VidAngel announced on Thursday that they have filed a reorganization plan with Utah Bankruptcy Court and that they are ready to move forward by appealing a decision against them in the Central District of California and, if necessary, pay back the $62.4 million judgment. They filed for Chapter 11 bankruptcy in October 2017 to pause a copyright infringement lawsuit.
Disney, Warner Brothers, and 20th Century Fox were among the entertainment companies who filed a complaint against VidAngel in June 2016 for copyright infringement. At that point, VidAngel was allowing subscribers to watch films for $1 or $2 by purchasing the film electronically for $20 and returning it for $18 or $19 in VidAngel credit. This system allegedly allowed them to provide streaming content before it was available on licensed streaming services. The entertainment companies also complained that VidAngel allowed viewers to edit their products by blocking out swear words or violence from the streamed content.
As part of the response to the copyright lawsuit, VidAngel changed their business model, they currently offer a subscription that allows people to view their original content or connect VidAngel to their Netflix or Amazon account to add the option to “skip and mute any objectionable content,” according to their website.
The judge ruled in an order granting summary judgment that VidAngel was liable for copyright infringement. A June 2019 jury verdict set the amount of damages at $62.4 million.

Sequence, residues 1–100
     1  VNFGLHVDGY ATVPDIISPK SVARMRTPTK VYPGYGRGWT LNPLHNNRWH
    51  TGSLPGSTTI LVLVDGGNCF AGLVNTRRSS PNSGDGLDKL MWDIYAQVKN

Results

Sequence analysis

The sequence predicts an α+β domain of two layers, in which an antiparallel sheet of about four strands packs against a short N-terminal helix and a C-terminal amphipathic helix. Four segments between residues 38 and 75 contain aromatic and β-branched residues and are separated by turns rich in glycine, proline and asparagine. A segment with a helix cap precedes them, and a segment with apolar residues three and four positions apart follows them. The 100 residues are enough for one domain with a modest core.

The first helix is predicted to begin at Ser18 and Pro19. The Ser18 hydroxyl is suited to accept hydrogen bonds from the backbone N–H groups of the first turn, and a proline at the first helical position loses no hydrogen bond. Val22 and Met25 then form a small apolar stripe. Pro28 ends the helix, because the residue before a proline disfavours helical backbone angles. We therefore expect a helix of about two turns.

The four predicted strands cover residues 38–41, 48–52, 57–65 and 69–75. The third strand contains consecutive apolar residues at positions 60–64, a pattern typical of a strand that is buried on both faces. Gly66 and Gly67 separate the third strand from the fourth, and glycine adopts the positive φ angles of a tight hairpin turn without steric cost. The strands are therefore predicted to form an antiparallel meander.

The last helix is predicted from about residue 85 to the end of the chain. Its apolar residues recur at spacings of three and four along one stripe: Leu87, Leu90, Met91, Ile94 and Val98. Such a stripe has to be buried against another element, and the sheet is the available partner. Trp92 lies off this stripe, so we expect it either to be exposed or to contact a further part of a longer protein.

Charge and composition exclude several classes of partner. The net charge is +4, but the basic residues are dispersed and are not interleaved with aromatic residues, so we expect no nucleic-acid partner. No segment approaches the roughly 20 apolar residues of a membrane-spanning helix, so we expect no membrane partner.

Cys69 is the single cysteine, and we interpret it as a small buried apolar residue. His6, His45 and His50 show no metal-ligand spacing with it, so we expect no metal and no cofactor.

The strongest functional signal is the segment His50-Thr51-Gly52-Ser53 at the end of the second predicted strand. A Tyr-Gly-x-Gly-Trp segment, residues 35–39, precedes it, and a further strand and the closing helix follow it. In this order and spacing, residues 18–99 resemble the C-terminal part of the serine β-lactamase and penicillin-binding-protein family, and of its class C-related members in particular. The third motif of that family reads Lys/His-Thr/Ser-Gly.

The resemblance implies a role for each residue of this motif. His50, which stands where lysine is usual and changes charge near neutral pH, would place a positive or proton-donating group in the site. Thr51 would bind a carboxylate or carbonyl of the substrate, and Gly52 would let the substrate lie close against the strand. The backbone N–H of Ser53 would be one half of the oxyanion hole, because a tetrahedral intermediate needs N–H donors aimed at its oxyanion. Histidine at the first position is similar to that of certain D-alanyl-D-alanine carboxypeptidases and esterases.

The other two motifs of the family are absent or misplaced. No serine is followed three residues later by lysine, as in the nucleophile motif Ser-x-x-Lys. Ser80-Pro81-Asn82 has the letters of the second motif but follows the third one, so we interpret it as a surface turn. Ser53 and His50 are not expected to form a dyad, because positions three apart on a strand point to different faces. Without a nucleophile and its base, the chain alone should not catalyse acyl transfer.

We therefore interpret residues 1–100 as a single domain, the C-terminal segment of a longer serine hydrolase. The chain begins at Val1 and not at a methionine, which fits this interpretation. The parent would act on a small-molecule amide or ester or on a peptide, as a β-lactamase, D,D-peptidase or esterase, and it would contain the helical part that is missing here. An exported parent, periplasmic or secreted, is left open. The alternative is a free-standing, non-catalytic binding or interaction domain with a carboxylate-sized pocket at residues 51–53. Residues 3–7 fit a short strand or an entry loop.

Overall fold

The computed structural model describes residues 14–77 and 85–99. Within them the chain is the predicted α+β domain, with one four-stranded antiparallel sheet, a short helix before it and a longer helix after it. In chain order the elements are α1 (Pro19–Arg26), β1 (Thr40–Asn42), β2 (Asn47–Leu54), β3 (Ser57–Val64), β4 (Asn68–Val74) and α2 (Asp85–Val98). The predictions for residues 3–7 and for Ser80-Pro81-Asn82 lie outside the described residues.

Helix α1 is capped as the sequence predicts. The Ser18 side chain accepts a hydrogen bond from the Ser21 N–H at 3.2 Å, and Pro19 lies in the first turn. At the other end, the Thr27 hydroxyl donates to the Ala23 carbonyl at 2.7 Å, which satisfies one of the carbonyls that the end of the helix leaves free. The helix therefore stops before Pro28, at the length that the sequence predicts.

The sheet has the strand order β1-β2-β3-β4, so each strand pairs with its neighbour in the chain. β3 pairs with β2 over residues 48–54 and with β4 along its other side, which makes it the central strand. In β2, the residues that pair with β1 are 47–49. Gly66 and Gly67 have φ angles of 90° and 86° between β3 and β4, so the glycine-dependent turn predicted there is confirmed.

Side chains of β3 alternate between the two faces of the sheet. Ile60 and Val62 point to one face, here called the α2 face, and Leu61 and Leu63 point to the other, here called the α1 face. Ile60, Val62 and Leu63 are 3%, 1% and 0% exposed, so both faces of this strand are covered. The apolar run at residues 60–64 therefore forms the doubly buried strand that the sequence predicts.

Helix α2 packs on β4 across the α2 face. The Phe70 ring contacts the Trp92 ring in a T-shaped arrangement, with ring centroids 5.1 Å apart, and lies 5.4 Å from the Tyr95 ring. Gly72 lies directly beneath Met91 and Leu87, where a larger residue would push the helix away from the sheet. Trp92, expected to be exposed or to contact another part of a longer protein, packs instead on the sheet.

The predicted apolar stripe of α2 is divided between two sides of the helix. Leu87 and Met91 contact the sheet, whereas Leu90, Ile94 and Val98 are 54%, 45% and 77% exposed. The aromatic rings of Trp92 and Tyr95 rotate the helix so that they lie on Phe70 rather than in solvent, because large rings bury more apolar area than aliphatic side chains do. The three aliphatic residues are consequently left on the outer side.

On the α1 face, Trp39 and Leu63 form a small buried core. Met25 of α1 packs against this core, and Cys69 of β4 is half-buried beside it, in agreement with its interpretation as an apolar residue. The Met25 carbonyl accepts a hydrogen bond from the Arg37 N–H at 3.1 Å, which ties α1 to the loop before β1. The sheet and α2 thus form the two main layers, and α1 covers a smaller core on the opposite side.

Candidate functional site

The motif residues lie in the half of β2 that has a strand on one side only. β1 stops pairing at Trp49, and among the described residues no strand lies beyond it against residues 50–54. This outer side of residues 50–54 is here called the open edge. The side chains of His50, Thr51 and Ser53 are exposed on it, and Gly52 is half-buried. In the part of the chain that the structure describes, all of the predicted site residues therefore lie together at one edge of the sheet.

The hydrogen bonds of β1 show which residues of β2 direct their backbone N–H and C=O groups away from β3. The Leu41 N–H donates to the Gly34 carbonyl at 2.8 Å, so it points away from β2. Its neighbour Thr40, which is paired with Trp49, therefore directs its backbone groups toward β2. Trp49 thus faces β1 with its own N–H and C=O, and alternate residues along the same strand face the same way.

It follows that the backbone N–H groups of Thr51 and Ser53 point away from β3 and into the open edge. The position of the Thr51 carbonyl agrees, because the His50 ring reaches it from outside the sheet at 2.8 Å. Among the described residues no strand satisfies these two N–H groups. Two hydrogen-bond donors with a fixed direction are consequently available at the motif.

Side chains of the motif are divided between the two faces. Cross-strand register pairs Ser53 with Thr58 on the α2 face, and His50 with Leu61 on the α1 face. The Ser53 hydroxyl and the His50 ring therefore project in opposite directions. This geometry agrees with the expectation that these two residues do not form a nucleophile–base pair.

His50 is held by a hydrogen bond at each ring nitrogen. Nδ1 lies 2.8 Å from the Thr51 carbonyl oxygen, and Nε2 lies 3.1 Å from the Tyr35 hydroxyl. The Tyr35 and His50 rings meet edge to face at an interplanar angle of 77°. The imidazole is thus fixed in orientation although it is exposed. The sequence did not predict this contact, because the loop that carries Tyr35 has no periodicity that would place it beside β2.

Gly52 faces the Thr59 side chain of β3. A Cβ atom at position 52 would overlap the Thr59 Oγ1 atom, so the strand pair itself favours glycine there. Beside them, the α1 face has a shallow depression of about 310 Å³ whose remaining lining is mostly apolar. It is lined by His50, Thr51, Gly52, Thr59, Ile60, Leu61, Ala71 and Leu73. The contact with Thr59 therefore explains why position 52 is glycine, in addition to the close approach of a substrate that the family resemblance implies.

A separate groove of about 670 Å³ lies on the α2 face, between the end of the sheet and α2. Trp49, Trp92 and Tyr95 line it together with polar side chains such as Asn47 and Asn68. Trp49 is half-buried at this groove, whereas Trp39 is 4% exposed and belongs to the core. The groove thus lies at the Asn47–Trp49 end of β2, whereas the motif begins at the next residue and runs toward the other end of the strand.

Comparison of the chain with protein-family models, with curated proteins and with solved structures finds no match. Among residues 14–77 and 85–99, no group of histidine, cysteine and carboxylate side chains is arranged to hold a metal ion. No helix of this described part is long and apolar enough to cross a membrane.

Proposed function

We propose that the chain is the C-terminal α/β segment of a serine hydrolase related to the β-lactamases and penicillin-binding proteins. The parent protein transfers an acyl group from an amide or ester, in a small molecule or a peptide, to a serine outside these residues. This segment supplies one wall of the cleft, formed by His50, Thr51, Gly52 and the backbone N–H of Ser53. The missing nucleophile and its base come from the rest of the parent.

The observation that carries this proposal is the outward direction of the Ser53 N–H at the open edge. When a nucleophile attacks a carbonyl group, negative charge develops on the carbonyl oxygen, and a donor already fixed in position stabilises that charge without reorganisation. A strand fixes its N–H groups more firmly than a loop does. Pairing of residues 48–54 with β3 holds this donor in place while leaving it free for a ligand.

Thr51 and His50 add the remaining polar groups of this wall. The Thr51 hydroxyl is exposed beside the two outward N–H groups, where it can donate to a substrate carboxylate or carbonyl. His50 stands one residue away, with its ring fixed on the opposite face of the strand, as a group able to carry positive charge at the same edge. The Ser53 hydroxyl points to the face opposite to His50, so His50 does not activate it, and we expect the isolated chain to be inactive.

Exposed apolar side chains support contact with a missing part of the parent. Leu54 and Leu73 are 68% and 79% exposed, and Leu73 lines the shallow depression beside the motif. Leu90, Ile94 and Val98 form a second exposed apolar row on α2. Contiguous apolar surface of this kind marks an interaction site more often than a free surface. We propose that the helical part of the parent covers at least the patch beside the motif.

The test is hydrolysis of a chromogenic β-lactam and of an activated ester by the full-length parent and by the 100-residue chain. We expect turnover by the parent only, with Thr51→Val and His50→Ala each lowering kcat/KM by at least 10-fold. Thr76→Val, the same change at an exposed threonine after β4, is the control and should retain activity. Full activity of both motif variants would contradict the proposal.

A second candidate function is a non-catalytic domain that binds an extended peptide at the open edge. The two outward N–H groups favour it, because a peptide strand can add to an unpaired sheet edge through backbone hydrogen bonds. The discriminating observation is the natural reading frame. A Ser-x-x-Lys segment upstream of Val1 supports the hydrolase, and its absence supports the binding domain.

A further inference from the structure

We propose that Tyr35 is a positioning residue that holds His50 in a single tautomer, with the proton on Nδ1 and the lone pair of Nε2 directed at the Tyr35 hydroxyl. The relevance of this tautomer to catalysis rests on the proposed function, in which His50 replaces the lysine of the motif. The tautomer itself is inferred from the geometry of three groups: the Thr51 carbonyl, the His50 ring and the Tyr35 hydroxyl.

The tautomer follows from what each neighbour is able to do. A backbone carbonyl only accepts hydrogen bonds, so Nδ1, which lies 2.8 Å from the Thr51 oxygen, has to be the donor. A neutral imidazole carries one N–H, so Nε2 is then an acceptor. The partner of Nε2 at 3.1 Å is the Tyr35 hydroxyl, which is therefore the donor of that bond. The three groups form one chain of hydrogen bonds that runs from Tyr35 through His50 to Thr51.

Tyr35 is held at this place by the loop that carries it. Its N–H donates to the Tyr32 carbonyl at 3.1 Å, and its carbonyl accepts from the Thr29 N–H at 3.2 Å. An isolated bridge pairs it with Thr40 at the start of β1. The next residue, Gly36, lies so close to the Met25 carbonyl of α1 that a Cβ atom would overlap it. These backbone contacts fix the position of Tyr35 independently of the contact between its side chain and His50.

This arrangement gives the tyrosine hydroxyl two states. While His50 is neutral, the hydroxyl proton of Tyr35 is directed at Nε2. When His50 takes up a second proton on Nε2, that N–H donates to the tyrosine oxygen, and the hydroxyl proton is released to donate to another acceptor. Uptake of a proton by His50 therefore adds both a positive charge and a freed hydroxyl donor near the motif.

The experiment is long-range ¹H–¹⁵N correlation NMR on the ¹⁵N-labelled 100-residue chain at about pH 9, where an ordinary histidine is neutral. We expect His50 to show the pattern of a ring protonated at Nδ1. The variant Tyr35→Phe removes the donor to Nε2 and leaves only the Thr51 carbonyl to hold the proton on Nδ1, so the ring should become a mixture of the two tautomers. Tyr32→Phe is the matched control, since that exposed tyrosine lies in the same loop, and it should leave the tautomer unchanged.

“We’ve gone from threats of being shut down, to essentially being able to say ‘just send us the bill,’” said Neal Harmon, CEO of VidAngel. He says the reorganization plan means that VidAngel can now appeal the summary judgment ruling and the monetary judgment from the lawsuit from Disney, but Harmon also says if the appeal is unsuccessful they will be able to pay the judgment over the next fourteen years.
George Hofmann, VidAngel’s bankruptcy trustee, said in the statement on Thursday, “After entry of an adverse judgment in an amount that, initially, seemed insurmountable, the company’s business and revenues are growing, and the company is expanding into new lines of business. According to third party financial experts hired to advise me in the reorganization process, Vidangel’s robust growth makes paying the judgment in full feasible.”
Harmon was optimistic about VidAngel’s financial prospects as well. “Friends are shocked when they hear that 2019 was VidAngel’s best revenue year ever and we’re currently on track to blow that record out of the water in 2020,” he said. Harmon said the purpose of filing for bankruptcy near the end of 2017 was to pause the lawsuit and focus on growing the business. “VidAngel is turning a page in its history, and we believe that we now are moving forward stronger than we’ve ever been. VidAngel remains committed to helping you, the viewer, make entertainment good for your home.”